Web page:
From Andy Kamenetzky, Land O’ Lakers: It goes without saying Tina Thompson is a women’s basketball icon. The WNBA’s all-time leading scorer, she has been a member of the league since the 1997 inaugural season. But she’s also a Los Angeles basketball icon. The Culver City resident was slated to attend Palisades High School, but the desire to play elite basketball prompted a transfer to the famed Morningside High School in Inglewood. (“When I tell you they’re worlds apart,” says Thompson of the schools and the demographics, “they’re worlds apart.”) She enjoyed a storied career — right on the heels of fellow legend Lisa Leslie — after which she graduated as the 1993 California AAA Player of the Year, with over 1,500 points and 1,000 rebounds in her pocket. At USC, teamed with Leslie for one campaign, her four seasons concluded with her as the fourth-leading scorer and third-leading rebounder in Pac-10 history.
From Dave McMenamin, ESPNLA: Lakers guard Trey Johnson is heading to Italy to play basketball next season. Johnson, a late-season call-up by the Lakers from the D-League last year, signed a one-year deal with Teramo Basket of the Italian League on Wednesday. Johnson’s agent, Mark Bartelstein, told ESPNLosAngeles.com that his client’s contract does not include an opt-out clause to return to the NBA should the lockout be resolved in time for the league to hold all or part of the 2011-12 season. Johnson averaged 25.5 points, 4.5 assists and 4.2 rebounds in 39 games with the Bakersfield Jam before the Lakers signed him for the end of the regular season through the playoffs to provide backup point guard depth to the roster while Steve Blake was sidelined with the chicken pox.
From Jonathan Abrams, Grantland: There is only one outcome that really matters when sports and work stoppages collide. With apologies to tales about decertifications and labor lawsuits, play-by-play simply isn’t as invigorating in the court room as it is on the court. Pundits will pretend to care about lawsuits and sports talk hosts will call lawyers to kill time, but all anyone really cares about is when the dispute will end and play will resume. Tuesday’s courtroom activities included an unfair labor practice charge and a federal lawsuit against the players’ union, which the league alleges is not negotiating in good faith. (See? Even with all the drama, it’s just inherently uninteresting …) Both actions signal the end of bargaining. At this point a fingers-crossed, best-case scenario is the NBA and the union reaching a resolution in time to preserve a handful of regular-season games.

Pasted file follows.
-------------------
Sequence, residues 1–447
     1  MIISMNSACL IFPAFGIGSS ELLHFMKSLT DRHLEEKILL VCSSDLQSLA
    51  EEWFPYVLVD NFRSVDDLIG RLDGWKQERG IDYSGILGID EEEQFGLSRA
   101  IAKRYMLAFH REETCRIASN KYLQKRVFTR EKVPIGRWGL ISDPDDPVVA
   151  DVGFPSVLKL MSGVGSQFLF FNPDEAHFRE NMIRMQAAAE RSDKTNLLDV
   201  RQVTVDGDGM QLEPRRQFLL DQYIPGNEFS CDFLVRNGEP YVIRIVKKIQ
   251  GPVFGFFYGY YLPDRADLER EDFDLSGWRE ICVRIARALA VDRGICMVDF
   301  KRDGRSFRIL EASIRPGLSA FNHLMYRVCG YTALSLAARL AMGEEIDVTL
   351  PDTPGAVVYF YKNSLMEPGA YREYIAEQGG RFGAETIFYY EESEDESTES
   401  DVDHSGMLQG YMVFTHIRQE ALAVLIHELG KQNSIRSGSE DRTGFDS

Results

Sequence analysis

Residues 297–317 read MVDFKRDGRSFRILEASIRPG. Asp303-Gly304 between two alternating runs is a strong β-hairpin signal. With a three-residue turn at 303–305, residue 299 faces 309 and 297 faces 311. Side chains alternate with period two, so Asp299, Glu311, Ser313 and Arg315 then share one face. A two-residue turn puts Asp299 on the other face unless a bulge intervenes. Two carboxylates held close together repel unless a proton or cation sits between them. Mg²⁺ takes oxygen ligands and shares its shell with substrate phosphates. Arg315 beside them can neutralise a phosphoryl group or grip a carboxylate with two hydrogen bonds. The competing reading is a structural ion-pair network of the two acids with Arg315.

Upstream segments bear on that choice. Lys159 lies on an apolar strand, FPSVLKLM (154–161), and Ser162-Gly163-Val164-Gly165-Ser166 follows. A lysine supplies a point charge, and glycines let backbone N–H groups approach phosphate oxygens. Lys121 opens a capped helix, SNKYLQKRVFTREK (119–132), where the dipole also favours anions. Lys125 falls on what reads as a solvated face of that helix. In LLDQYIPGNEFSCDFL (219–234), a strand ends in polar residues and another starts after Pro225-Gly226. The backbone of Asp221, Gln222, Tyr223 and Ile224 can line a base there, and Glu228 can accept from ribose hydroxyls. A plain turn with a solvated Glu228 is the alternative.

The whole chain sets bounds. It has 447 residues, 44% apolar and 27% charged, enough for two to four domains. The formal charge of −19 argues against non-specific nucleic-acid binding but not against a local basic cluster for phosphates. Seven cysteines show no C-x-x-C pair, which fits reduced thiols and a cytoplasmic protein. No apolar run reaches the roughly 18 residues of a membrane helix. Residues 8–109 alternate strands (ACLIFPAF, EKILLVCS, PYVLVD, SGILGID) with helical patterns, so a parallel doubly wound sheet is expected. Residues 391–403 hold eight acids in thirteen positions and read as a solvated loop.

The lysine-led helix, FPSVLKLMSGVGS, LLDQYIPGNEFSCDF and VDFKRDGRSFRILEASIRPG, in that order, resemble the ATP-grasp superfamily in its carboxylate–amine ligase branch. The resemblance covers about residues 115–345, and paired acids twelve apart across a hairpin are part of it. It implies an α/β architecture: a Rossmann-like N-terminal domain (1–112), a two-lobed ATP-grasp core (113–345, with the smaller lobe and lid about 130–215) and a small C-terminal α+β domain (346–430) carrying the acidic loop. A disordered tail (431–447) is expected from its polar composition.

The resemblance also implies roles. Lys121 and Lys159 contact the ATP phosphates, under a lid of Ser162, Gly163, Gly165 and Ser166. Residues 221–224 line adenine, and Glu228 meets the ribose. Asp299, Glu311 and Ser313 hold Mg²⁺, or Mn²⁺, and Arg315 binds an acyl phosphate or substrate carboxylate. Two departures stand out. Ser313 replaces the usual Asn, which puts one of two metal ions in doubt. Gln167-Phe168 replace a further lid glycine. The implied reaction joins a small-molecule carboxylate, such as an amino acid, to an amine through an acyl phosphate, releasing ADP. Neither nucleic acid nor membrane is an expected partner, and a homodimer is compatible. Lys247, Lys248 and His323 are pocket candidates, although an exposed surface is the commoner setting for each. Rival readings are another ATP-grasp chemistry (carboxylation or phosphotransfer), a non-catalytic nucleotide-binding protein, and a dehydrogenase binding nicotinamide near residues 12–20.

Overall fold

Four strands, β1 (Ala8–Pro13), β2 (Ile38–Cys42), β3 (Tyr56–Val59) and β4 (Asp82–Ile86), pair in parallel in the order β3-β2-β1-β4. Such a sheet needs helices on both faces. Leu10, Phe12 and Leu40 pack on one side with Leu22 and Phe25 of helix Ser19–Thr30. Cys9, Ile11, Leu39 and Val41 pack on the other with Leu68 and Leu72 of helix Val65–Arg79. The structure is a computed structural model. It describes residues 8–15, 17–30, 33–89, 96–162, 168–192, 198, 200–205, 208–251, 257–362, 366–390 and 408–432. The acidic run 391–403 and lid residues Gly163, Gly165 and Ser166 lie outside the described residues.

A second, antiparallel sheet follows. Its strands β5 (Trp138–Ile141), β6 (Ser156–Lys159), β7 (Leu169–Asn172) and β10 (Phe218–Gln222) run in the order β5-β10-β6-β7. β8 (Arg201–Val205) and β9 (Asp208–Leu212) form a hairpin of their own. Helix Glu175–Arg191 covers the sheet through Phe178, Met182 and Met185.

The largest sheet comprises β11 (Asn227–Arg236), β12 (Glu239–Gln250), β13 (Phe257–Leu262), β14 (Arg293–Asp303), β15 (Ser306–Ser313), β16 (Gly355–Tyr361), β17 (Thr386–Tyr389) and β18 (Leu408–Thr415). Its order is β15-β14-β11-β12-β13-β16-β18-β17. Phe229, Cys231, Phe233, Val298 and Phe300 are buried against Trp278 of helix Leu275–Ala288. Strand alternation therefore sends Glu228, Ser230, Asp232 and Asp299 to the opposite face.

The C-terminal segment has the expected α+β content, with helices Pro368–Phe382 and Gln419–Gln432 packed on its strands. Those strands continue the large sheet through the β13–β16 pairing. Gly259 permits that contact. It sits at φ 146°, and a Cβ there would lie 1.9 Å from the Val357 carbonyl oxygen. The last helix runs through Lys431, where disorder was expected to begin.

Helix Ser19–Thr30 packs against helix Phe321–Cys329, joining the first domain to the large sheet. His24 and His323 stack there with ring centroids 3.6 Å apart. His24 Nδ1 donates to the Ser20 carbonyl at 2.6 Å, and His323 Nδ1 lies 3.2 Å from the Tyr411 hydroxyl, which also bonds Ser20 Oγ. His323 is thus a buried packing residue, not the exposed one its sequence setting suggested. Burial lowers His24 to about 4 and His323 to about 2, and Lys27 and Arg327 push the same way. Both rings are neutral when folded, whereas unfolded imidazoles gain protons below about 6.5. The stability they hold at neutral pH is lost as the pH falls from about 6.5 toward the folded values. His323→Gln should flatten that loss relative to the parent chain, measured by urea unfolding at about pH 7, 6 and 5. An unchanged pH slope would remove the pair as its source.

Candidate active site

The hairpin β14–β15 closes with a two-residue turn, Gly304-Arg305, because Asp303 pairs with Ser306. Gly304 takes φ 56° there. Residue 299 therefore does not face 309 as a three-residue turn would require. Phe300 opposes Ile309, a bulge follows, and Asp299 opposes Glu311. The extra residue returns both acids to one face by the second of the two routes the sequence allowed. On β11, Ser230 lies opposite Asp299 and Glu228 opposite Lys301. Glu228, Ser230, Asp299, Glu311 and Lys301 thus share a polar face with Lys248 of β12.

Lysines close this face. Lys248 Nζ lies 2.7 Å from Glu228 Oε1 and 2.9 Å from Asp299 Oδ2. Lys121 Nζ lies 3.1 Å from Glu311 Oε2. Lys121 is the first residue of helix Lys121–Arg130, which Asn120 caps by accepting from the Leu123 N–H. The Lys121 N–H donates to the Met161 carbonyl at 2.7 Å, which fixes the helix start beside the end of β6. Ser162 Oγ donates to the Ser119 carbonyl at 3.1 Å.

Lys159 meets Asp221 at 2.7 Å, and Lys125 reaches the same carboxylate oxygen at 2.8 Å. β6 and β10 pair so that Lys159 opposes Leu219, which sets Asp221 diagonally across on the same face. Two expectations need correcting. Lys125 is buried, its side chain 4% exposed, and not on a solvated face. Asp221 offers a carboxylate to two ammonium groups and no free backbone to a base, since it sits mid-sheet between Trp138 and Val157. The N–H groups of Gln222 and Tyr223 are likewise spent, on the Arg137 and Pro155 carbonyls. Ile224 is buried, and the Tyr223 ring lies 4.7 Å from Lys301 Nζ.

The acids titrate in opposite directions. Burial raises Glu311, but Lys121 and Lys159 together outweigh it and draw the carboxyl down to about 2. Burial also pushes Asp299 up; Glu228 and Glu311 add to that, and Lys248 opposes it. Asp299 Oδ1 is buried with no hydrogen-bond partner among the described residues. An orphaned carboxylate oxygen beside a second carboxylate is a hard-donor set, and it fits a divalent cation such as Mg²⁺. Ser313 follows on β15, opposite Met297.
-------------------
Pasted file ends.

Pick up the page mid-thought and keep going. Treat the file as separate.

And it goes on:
From Ben R, Silver Screen and Roll: For the past decade, Kobe Bryant has borne the weight of the hopes and expectations of the Lakers, providing the most definitive bridge between the two most recent Laker eras of championship excellence. Time and time again, he has answered those calls with fervid and dominant play that has cemented his legacy as one of the greatest players ever to set foot on a basketball court. It is for this reason that last season was jarring to many Laker fans, as they were treated to a painful display of Kobe’s mortality, or at very least, a growing image of how the career of an all-time great enters its twilight stages. Naturally, comments to the effect that Kobe is finished at the moment are grossly exaggerated, as his competitive spirit, diverse skillset, and expansive basketball mind will keep him among the league’s best performers for the next few years. Nevertheless, it is a given that those same years under Mike Brown, in which Kobe will have to adapt to a new system and his declining physical skills, will be a transition period that will determine the nature of the team as it moves forward.